Farmers now need to begin the ground work for their applications to all CAP schemes, according to Midleton-based Teagasc dairy adviser Brendan Smiddy.
“Like all new things, the level of knowledge at farm level is probably not as good as it would want to be at this stage," he said.
Smiddy acknowledged that there is a cohort of farmers who have attended CAP information meetings and events over the past year and who have read up on what it will mean for their farms but warned that all farmers now need to prepare for the new schemes.
The Teagasc adviser said that with a number of schemes commencing over the next few months, there is a concern that a combination of tight deadlines and heavy workload would put pressure on both farmers and their advisers.
He was speaking at the first of the Irish Farmers Journal CAP information series events in Cork on Tuesday night. Over 250 farmers were in attendance with representation from across the farm sectors and a significant number of young farmers present.
‘Work needs to begin now’
Brendan Smiddy said there is potentially a half day of work in some of the BISS applications especially if changes in space for nature were required or if there were a number of leases involved.
He said that for grassland farmers, particularly those with breeding stock, “the work needs to begin now in terms of what they need to do with eco schemes and tree planting”.
“Cows are going to be calving in February and March and breeding will be in May so the issue of the quick BPS is out the window. Farmers need to look at it now,” he said.
Smiddy’s comments were evidenced by a number of farmer questions from the floor at the event on Tuesday night.
Francis Morrin of the Department of Agriculture’s CAP entitlements and financial controls team told farmers present that “ACRES is open for business” and has schemes to suit all. He reminded farmers that to submit an ACRES application before the 21 November deadline, they have to work with an adviser now.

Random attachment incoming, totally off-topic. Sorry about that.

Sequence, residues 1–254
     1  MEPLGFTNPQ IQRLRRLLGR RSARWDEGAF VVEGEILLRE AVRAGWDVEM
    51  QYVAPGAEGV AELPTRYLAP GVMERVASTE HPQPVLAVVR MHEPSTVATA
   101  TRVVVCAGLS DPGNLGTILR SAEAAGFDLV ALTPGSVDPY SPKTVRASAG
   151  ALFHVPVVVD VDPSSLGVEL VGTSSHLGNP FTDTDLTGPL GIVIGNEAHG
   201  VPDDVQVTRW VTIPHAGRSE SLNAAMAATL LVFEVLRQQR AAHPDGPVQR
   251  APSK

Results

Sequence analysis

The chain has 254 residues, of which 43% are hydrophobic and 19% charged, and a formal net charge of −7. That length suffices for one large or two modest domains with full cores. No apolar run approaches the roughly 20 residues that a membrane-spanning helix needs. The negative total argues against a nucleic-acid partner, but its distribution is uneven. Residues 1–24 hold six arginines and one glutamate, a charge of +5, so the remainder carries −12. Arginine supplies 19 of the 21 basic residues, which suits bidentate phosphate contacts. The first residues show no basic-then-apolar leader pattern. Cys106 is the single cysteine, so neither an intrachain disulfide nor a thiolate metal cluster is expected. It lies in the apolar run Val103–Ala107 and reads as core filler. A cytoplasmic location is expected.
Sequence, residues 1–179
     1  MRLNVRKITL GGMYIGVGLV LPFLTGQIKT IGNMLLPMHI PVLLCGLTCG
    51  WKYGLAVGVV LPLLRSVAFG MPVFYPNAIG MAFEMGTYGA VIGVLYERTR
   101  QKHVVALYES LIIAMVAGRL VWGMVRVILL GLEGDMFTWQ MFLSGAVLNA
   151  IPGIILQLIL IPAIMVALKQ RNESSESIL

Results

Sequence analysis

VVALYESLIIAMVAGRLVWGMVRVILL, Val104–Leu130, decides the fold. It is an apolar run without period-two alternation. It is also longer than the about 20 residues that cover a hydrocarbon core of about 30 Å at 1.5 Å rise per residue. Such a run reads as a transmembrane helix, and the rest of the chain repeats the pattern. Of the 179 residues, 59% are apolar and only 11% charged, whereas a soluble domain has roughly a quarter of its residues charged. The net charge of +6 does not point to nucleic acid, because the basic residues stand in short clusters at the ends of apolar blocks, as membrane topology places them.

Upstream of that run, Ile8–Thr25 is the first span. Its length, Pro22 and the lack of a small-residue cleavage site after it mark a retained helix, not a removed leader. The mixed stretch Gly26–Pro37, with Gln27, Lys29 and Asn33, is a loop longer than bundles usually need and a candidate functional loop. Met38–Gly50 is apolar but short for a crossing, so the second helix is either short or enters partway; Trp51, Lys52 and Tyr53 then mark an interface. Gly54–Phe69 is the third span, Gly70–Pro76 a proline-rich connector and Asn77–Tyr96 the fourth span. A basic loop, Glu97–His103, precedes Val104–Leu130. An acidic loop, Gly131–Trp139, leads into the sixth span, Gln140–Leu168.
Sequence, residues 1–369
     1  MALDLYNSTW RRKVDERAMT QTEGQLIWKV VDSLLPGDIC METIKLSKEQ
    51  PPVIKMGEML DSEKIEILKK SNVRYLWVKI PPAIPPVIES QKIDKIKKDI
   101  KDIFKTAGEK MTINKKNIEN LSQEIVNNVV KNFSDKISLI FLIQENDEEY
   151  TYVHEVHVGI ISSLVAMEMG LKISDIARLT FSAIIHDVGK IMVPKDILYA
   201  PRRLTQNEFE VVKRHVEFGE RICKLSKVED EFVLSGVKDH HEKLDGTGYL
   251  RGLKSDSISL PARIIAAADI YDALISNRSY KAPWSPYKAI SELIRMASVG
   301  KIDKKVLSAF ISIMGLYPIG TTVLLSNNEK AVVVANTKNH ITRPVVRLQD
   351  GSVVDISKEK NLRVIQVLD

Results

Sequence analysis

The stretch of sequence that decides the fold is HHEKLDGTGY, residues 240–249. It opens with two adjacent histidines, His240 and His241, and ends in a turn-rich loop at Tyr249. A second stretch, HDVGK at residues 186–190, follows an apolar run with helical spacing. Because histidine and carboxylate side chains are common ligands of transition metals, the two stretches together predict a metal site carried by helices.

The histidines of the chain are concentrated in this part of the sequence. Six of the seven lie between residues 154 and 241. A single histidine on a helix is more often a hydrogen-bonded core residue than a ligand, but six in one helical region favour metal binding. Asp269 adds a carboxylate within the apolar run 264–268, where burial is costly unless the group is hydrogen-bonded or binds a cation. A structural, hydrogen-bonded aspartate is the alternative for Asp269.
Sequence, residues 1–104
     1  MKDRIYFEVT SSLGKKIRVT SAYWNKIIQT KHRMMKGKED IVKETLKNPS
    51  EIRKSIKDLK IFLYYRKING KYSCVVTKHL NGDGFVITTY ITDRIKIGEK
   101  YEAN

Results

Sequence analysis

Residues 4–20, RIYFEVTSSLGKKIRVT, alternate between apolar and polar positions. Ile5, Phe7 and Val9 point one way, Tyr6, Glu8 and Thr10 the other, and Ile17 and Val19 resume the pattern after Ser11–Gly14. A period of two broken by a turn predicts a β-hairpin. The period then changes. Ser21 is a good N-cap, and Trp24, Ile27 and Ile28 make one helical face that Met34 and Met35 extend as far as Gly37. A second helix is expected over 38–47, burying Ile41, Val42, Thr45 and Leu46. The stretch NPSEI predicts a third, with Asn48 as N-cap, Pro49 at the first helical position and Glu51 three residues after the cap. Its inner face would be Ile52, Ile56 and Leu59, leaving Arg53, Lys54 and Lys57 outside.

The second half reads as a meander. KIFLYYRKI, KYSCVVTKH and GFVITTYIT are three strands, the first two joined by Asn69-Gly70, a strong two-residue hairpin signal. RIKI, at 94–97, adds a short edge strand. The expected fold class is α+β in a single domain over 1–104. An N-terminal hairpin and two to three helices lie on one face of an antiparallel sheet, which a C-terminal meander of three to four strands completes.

AIB agri-adviser for Cork and Waterford Michael Murphy outlined the importance of direct payments to support farm incomes, particularly across the beef and sheep sectors.
He told those in attendance that despite the challenges presented by rising farm income costs over the past year, farmer debt levels have been at the lowest level since 2003 and that overdraft utilisation by farmers is at its lowest point in some six years.
Murphy also highlighted that “record prices are being hit for land across the country”.
The AIB representative described how the focus for bankers working with farmers has pivoted to sustainability. He said that in terms of providing credit, bankers are looking to see farmers “putting the shoulder to the wheel” on initiatives to improve their farm’s environmental sustainability.
The next Irish Farmers Journal CAP information event takes place in the Dolmen Hotel, Co Carlow on Thursday, 3 November with events in Tuam, Co Galway and Cootehill, Co Cavan to follow on the 9 and 15 November respectively. Readers can register here.